(d) the past and likely future attitude of the police and other authorities towards the feud;

(e) the degree of commitment shown by the opposing family towards prosecuting the feud;

(f) the time that has elapsed since the last killing;

(g) the ability of the opposing family to locate the alleged potential victim anywhere in Albania;

(h) that person’s profile as a potential target for the blood feud; and

(i) the prospects for eliminating the feud, whether by recourse to the payment of money, a reconciliation organisation or otherwise... “

19. Secondly, the grounds allege, he fell into error in failing to make any finding on whether the latest incident the appellants’ family had faced demonstrated that they were among the actual targets of the killer and in this way he wrongly based himself on mere speculation about the risk the appellants would face on return. Thirdly, it is contended that when assessing the issue of sufficiency of protection, the immigration judge failed to take adequately into account that the police had agreed to investigate the latest incident when the appellants’ brother was shot and he had wrongly failed to attach weight to the lack of evidence of the appellants’ family attempting to approach an agency providing a reconciliation service. Finally it is submitted that the immigration judge failed to make any findings on the ability of the appellants’ family to locate the appellants in parts of Albania other than their home area.

20. I remind myself that my task is not to decide whether the immigration judge made the correct decision but only whether his was one which contained a material error of law.

21. In my view the principal start point for deciding this case must be the fact that the respondent has accepted the appellants’ account of their family having become involved in a blood feud with the K family since 1993 as true without qualification. That is clear from the reasons for refusal letter. Furthermore and in any event, the grounds for reconsideration raise no challenge to the immigration judge’s finding that the account they gave of the blood feud and its consequences for their family was correct.

22. As I will return to when addressing the issue of internal relocation, this acceptance of the appellants’ story has considerable importance for my consideration of this case.

23. So far as the first argument is concerned, it is difficult to see that the immigration judge failed to take into account any of the factors specified in TB. As Mr Gulvin agreed, the only possible factor which TB identified which the immigration judge could be said to have overlooked was 37 (g). I shall deal with that when considering internal relocation.

24. As regards the second argument, which Mr Gulvin also accepted lacked cogency, I fail to see that the immigration judge did not consider the issue of whether the evidence showed that the appellants had been targeted. That assessment was not based on mere speculation but rather on inferences based on the evidence as a whole, including the appellants’ own evidence, the newspaper article, other items of documentary evidence and the background country evidence. The immigration judge noted that since the blood feud between the two families had begun in 1993, five people had been killed: 3 members of the K family and 2 members of the appellants’ family. The immigration judge properly noted that according to the background evidence concerning blood feuds in Albania, significant lapses of time between killings of family members was not unusual. It cannot seriously be suggested that the immigration judge could only reasonably have found that the attack on 3 May 2005 was merely a random shooting by a crazed killer. On the available evidence it was open to the immigration judge to conclude that the appellants’ family had become and remained a target for adverse treatment from members of the K family.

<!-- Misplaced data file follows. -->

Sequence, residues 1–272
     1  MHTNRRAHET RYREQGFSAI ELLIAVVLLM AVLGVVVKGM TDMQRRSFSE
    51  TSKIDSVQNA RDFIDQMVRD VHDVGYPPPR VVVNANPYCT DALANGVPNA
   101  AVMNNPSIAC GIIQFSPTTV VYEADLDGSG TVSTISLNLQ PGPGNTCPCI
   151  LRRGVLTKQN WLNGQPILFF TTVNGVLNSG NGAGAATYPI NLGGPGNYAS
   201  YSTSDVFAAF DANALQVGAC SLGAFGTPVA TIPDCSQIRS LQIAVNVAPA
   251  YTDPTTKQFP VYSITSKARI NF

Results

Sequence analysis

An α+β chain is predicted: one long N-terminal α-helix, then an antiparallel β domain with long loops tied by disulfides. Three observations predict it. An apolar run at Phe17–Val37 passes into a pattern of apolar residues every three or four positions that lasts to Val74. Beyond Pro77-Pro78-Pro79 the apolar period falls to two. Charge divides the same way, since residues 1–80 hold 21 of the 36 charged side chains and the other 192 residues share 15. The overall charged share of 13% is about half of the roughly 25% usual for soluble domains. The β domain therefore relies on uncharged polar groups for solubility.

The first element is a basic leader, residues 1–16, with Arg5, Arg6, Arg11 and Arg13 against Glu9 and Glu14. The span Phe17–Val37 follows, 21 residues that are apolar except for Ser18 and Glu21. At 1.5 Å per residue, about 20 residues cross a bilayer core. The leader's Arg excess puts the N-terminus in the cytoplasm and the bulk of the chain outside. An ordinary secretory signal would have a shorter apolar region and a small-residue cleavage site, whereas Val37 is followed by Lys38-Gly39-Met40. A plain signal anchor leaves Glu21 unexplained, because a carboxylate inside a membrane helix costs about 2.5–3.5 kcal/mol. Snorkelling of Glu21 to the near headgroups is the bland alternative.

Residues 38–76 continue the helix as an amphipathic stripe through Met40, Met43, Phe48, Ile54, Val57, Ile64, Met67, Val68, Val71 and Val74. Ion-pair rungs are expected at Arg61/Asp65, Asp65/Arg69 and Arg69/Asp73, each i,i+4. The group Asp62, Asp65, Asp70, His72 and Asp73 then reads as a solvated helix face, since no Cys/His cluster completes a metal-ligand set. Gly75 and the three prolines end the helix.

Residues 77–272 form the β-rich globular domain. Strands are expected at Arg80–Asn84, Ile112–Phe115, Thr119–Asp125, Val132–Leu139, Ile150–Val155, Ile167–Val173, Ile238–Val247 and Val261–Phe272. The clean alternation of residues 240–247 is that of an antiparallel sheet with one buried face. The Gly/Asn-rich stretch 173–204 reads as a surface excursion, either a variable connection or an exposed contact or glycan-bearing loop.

25. That brings me to the issue of sufficiency of protection. The grounds are quite correct to emphasise the need for an immigration judge when considering this issue to examine what steps have been taken by those concerned to avail themselves of protection from the authorities and other agencies. However, the immigration judge plainly did give careful consideration to the evidence regarding this matter. I would accept that read in isolation the sentence in para 22(c) is capable of being read as suggesting that the immigration judge overlooked the onus on the appellants’ family to take active steps to obtain protection (“The police officer said they would try and investigate the matter but they did not hear from the police again”). However, this observation has to be read in the context of the determination as a whole and the accepted factual matrix. Elsewhere (para 22(d)) the immigration judge noted that the police had failed effectively to investigate the first killing of the appellants’ grandfather in 1997. In that context for the police to fail to contact the family after their initial response on the day of the killing in 2005 of another family member, the appellants’ brother, was properly seen as of some significance. Furthermore, it was the appellants’ unchallenged evidence that after this incident the appellant’s father and uncles remained in hiding and only occasionally came back to the house because they considered that the police would not be able to prevent further attacks against them. Clearly at the time of the killing of the appellants’ brother the police would have had to consider whether to provide specific protection to the family. They had not provided such protection.